3. Mike, interesting article but it only makes sense to a developer who has already been indoctrinated in the reusable code premise. There is no way I would want my jr. developers reading this article. I am in the midst of cleaning up some really old code where a particular calculation has been implemented 7 different ways in 7 different places. End users do not understand when a problem gets fixed in 1 place, how come that same (or different) problem still exists in 6 others. That’s where I explain to my devs the usefulness of reusable functions and until my devs come to that conclusion naturally, only then will I admit to them that there are exceptions. I guess what I’m saying is your article should have a disclaimer: Advanced Developers only! Until you have learned a rule inside and out, you don’t know when it’s ok to break it.

    -VG

  4. I’m finding that I swing back and forth a bit, and am trying the complexity/guessing reusability angle again. I’m frustrated with how many highly similar things we have written around the office and we never have time to go back and combine the similar pieces. The idea was always write once, copy twice, refactor the third. It is significantly faster and easier to copy, and it’s hard to justify the time to refactor to the decision-makers that saw the same feature implemented much quicker before.

    Going forward, we’re trying to make the one giant reusable system with lots of flags to turn all the bits on and off and put new clients on that system. If the feature isn’t generic, it doesn’t go into the system and the client doesn’t get it, so we’re demanding the time up front. If one client wants something that’s not too terribly crazy, odds are someone else may want it, too. If it is crazy, we either find a way to redefine it that isn’t, or we just don’t offer it.

    At least that’s the hope. My guess is two years from now I’ll be back in the camp I was in two year ago when the configuration monster grows out of control.

  5. Pingback: The Mooney Project » The Framework Myth

  6. One thing that reusable code gives is modular code. That means your code and logic will be separated more properly and therefore a lot of other problems avoided. I think modular code is a better goal to strive for, rather than reusability. There’s one problem – it’s not that easy to recognize – but if it’s reusable it’s inherently modular. So for beginners – write reusable code – that way it’s easier to learn about modularity.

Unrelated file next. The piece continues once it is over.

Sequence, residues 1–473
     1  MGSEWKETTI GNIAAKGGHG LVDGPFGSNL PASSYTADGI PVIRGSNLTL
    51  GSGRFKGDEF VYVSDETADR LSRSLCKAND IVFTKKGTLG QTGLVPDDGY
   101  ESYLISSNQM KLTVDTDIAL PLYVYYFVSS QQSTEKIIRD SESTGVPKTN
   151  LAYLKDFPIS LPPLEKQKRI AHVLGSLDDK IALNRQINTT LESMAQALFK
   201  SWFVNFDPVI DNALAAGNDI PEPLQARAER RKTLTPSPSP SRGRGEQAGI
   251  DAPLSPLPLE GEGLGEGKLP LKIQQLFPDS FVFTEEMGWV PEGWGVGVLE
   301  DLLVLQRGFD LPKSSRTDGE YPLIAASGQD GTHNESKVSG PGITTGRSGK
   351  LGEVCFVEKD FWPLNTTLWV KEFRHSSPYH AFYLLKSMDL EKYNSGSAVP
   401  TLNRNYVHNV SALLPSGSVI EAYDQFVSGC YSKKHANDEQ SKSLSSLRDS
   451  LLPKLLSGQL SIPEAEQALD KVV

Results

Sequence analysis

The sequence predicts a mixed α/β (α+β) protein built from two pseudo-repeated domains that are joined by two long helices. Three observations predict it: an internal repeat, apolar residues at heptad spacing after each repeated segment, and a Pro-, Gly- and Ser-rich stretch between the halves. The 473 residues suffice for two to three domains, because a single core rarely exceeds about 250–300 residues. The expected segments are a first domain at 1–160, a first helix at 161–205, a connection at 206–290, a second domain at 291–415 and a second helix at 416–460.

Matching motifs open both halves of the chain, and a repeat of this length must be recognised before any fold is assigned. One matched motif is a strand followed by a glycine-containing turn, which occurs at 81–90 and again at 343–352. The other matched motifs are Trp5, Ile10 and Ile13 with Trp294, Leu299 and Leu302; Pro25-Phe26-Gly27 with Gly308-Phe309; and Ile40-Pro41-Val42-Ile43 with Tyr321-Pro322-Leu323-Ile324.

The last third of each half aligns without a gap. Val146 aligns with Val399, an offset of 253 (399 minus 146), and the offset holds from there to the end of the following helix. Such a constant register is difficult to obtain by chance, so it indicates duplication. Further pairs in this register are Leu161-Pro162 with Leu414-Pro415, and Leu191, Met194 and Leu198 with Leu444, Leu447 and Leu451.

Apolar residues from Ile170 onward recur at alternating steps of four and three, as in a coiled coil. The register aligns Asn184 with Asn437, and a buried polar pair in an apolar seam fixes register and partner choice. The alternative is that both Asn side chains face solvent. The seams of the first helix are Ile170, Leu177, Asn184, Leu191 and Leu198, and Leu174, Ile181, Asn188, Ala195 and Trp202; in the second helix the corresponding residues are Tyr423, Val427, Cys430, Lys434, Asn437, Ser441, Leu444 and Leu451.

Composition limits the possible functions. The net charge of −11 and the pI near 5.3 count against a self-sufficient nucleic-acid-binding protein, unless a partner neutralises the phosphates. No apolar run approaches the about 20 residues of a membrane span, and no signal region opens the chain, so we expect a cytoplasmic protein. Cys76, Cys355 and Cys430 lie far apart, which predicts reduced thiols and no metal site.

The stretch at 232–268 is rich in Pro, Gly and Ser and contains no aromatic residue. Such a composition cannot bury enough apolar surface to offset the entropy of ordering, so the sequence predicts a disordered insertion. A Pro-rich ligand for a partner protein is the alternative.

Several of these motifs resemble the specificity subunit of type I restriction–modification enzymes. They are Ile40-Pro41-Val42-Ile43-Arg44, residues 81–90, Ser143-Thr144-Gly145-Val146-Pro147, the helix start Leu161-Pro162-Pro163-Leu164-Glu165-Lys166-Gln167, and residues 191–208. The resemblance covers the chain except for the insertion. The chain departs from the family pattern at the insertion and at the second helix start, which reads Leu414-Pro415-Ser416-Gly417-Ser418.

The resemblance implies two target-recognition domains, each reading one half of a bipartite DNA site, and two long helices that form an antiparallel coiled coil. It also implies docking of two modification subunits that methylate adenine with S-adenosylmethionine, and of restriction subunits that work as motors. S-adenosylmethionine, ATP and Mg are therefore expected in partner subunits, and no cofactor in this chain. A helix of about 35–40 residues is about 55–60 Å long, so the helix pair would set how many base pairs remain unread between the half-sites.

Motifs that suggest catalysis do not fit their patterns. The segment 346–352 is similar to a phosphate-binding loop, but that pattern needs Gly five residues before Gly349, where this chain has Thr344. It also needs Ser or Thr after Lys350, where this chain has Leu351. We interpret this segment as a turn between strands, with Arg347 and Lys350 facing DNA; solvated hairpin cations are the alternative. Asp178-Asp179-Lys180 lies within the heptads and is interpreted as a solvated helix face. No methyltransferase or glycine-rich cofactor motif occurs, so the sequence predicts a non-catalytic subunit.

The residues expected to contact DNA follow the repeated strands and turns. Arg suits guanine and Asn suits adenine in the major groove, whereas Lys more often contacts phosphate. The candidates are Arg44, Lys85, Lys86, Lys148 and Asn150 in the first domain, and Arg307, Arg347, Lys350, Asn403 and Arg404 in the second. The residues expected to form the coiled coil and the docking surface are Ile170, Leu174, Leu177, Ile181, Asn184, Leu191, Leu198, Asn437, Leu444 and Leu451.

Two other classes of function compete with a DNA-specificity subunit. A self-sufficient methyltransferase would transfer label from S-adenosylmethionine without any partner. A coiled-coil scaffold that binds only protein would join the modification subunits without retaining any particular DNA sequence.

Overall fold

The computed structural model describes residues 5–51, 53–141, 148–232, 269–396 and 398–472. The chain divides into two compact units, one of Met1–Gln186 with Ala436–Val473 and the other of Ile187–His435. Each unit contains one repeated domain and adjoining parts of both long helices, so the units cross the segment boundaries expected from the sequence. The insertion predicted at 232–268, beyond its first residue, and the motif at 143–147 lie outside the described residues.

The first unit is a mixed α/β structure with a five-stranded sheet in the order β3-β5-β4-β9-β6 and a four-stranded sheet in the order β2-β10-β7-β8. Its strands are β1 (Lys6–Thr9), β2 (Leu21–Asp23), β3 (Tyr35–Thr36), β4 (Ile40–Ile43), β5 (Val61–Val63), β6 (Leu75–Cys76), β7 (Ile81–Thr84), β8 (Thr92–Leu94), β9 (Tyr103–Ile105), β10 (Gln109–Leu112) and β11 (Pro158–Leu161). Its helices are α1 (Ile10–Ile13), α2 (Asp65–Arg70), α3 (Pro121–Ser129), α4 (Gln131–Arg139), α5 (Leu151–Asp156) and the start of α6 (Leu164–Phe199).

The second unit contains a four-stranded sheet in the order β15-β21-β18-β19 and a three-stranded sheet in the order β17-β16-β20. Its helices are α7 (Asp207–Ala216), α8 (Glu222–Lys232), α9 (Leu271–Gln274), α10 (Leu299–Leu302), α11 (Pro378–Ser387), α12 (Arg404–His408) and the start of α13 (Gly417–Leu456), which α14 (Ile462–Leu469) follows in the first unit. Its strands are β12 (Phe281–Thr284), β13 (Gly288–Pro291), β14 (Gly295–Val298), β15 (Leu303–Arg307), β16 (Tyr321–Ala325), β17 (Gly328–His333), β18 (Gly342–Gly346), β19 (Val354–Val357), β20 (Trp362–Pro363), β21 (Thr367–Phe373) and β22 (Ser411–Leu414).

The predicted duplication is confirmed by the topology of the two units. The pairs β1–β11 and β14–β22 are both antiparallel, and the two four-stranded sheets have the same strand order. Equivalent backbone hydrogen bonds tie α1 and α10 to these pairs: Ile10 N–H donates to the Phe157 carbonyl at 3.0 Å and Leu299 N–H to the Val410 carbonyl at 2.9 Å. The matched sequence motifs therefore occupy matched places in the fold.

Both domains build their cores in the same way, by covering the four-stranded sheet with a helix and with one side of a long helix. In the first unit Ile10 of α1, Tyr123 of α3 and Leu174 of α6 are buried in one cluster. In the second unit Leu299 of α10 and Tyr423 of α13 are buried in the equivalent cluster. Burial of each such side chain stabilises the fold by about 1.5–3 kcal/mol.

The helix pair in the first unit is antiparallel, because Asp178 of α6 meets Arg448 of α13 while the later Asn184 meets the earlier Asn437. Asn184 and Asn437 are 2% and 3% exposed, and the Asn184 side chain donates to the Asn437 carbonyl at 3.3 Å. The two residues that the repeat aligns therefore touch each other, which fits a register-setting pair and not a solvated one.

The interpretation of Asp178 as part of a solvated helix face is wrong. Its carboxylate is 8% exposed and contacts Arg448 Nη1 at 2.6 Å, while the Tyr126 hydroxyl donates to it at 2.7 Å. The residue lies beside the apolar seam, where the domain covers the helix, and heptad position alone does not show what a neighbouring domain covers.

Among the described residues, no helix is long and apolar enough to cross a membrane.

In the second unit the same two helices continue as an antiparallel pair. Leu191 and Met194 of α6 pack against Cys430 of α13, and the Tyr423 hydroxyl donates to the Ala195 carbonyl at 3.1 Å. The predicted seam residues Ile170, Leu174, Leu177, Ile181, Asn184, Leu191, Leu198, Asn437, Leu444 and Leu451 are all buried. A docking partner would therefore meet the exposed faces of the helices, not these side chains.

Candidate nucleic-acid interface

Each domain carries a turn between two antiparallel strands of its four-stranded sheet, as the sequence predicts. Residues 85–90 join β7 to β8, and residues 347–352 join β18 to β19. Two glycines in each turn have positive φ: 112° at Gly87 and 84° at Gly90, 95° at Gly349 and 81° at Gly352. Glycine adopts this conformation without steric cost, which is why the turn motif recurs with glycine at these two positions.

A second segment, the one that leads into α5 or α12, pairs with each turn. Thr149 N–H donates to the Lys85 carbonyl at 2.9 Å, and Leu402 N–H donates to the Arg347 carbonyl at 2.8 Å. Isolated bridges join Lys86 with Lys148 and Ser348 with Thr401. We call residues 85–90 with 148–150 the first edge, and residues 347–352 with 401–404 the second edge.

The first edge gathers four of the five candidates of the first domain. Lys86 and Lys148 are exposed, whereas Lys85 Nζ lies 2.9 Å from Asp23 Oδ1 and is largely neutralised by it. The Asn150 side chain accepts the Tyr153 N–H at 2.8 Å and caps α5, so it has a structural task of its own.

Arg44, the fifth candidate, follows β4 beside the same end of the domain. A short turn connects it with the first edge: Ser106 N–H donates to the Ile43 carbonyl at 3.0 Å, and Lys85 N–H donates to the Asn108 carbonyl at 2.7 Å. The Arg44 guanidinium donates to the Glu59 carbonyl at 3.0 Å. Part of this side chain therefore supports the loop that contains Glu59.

If I start adding some new big feature – I develop it separately from the project. That way I know I won’t glue it in any way I can, but find a good interface for it. Later I’ll do the adaptations if necessary, even if it breaks the reusability.

  7. My take:

    Design libraries for reuse, glue code to bind together, and logic code to call libraries through the glue.

    Only the libraries are reusable, as they have a defined and limited purpose, the glue code is non-reusable and throwaway, and the logic code is copy-pasta friendly for modifications if needed for a different purpose elsewhere.

  8. Reusable code is bad, reused code is good.

    First, build only for your need.
    Then if a close need happens, do the *
    mininum* refactoring to reuse it.
    Rinse, repeat.
    But keep on eye on complexity, maybe this component does too much, maybe it is time to cut it in 2.

    Finding this balance (factoring/cutting) is one of the skill of a professional.

  9. Pingback: Most interesting links of December « The Holy Java

  10. Pingback: You Arent Gonna Need It – Code Reuse — Numiko Labs

  11. No, reusable code is good, specifically say the reusable code the Django developers wrote (on the job, and still got their work done).

    Even on a smaller level – the ‘implementing it in n places’ case mentioned above blows the complexity and testing up so much we shouldn’t even be having this discussion….people need to have some sense about parametrizing things and identifying when 10 problems are just slightly different cases of one problem. It helps write less code and usually is what developers are paid to do…

  12. Pingback: The Mooney Project » MMDB.Shared: Enums Made Simple(r)

Leave a reply

required

<a href="" title=""> <abbr title=""> <acronym title=""> <b> <blockquote cite=""> <cite> <code> <del datetime=""> <em> <i> <q cite=""> <strike> <strong>